It is this kind of lazy writing that make Electro such a cringeworthy character in the movie. Most characters in children’s cartoons have far more complex motivations than this guy.


Ever since Christopher Nolan’s Dark Knight Trilogy, a lot of film studios have attempted to ground their movies (superhero or not) in reality. In this case, they failed big time. The designers were going for a gritty realism when creating their Green Goblin makeup for The Amazing Spider-Man 2, but he looks like he would be far more comfortable in the Leprechaun movies that fighting Spidey.

It is also understandable that the studio would want to differentiate this version of the Green Goblin from the one that was prominently featured in the previous trilogy. The last thing they would want is to just rehash what has come before (although that’s exactly what they did in many regards with The Amazing Spider-Man), but it probably would have been safer just to stay clear of the character.



After Peter Parker embraces the symbiote in Spider-Man 3, feeding his anger and hunger for revenge, he starts to become a little too arrogant. What ensues are some of the most cringeworthy scenes in the entire Spider-Man movie franchise. A montage showcases this newfound cockiness as Peter struts through the streets dancing to James Brown and pointing finger guns at all the women as he walks by. To complement his new attitude, he also gets a new look by letting his bangs fall into his eyes and wearing all black.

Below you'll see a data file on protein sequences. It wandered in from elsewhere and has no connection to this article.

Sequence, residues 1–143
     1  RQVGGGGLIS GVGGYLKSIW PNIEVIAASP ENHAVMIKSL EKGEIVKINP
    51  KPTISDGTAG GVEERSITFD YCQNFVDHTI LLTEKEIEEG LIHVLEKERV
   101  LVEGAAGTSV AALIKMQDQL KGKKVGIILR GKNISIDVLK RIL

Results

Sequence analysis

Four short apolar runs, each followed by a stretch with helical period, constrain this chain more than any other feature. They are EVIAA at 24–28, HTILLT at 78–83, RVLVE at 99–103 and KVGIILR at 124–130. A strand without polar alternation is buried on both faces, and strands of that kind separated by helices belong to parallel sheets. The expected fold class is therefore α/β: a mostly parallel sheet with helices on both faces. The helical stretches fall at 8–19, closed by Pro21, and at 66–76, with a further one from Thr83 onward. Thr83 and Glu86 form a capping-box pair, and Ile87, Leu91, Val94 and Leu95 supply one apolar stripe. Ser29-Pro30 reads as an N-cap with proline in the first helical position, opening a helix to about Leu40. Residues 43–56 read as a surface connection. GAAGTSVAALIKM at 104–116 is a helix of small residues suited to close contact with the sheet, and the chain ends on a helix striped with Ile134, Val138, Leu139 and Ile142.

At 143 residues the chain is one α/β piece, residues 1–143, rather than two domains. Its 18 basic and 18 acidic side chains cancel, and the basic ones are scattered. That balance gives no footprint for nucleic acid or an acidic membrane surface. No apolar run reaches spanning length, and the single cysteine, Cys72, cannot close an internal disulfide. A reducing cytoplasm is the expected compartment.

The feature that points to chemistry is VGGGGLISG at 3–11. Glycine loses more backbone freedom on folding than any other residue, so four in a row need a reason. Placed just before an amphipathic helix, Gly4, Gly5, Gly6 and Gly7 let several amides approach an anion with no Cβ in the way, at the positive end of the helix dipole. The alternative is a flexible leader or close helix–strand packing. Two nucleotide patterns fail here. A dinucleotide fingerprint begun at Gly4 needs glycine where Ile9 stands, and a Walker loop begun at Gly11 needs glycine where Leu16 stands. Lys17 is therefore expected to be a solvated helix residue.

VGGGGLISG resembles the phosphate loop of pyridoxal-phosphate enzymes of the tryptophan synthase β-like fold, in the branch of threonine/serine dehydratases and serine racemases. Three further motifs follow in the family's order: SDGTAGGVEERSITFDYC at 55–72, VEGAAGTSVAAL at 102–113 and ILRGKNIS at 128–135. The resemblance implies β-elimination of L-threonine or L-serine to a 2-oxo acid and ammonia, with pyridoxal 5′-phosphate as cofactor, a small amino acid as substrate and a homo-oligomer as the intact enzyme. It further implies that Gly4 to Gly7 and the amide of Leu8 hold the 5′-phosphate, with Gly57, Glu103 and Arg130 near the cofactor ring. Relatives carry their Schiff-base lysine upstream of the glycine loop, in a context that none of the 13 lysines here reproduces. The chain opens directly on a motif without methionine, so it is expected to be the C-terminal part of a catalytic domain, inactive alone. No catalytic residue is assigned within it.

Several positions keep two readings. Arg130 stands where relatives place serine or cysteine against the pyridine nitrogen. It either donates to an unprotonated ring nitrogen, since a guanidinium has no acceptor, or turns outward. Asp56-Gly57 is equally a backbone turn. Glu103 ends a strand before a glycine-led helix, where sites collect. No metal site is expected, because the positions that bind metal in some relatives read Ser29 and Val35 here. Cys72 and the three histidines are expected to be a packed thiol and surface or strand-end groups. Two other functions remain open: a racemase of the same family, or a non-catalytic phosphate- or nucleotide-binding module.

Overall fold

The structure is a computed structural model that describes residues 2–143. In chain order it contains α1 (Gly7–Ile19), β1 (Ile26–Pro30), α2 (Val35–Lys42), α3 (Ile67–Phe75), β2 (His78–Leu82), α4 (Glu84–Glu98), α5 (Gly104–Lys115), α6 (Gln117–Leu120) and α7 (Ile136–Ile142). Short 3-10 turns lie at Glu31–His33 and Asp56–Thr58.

Nothing screams cool like a dorky person attempting to act cool but failing miserably. It’s played up for laughs, but it is really painful for any fan of the character to sit through scene after scene of him acting like a total jerk. To the amazement of the entire audience, Betty Brant, J. Jonah Jameson’s secretary, is turned on by this behavior and flirts with Peter. You can have him, Betty because no one else does.


Although the costume was quite inspired, the man beneath the suit did not fit the role. Most Spider-Man fans would argue that the casting of Topher Grace as Eddie Brock/Venom in Spider-Man 3 was the biggest casting mistake in the entire series. Controversial casting choices sometimes work wonders for a film, but unfortunately it wasn’t the case here.